Veteran guitarist Michael O'Neill brings to this album a set of enviable credentials. He worked with Stevie Wonder in the 1980's and has been with George Benson for the better part of 14 years. With that length of time, one expects to hear some of the master guitarist's style and approach in O'Neill. It's there, but O'Neill is no Benson clone by any means even as a member of the George Benson/Earl Klugh school of jazz. The O'Neill compositions, which are the bulk of the list (all but two), come from the smooth jazz school. This means that while the music overall is attractive to the ear, i. e., soothingly pretty and breezy, each tune lacks that individuality that sets it apart from the other selections. There's the ever present keyboard, played by a revolving door set of practitioners, including O'Neill taking a turn at the electronic gizmo. There are changes in rhythm and dynamics, but they are subtle to be sure. One gets a true sense of the breadth of O'Neill's skills when he turns down the amps for a lovely solo rendition of the Lennon/McCartney classic "Yesterday." "Echoes of Seville" offers rhythmic, romantic guitar playing and "I Ain't Lyin'" will get your foot tapping. But for the most part, O'Neill follows a road being trod by many of his contemporary/smooth jazz fellows. Like the fusionists of the 1970's, they are attempting to incorporate pop sounds and electronic wizardry into the genre without corrupting it. It is instructive that O'Neill is not only listed as a performer, but as one of the engineers as well. But if smooth jazz is your thing, then this album is a must.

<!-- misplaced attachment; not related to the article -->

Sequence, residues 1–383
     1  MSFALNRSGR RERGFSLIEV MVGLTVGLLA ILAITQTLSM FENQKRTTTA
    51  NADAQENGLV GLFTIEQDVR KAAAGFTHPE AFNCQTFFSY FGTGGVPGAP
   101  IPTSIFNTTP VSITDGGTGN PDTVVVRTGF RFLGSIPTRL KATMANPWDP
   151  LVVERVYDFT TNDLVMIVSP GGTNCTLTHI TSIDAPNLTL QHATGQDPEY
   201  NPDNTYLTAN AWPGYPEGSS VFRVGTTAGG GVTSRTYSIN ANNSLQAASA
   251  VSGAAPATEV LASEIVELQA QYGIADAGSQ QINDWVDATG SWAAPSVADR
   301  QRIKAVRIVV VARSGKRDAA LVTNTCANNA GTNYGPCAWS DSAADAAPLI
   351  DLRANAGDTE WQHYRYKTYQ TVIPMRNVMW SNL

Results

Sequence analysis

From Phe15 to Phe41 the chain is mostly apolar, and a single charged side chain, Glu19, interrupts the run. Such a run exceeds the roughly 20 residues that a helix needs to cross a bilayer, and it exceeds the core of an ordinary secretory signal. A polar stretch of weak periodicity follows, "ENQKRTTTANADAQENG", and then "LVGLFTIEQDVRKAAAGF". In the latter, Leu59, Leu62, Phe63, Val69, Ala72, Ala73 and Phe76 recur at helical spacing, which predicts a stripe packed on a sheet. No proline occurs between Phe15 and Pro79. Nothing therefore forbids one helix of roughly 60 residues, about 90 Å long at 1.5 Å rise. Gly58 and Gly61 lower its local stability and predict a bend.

I love jazz because it is the only existing music style which let you
I was first exposed to jazz by Gunther Hampel in Hamburg, around 1972.
I met Ornette Coleman, Butch Morris, Karl Berger, Michel Camilo, a.o.
The best show I ever attended was Salif Keita at the Blue Note in
The first jazz record I bought was the Tony Scott and Hozan Yamamoto
My advice to new listeners: when you listen to my music, please be a
part of it.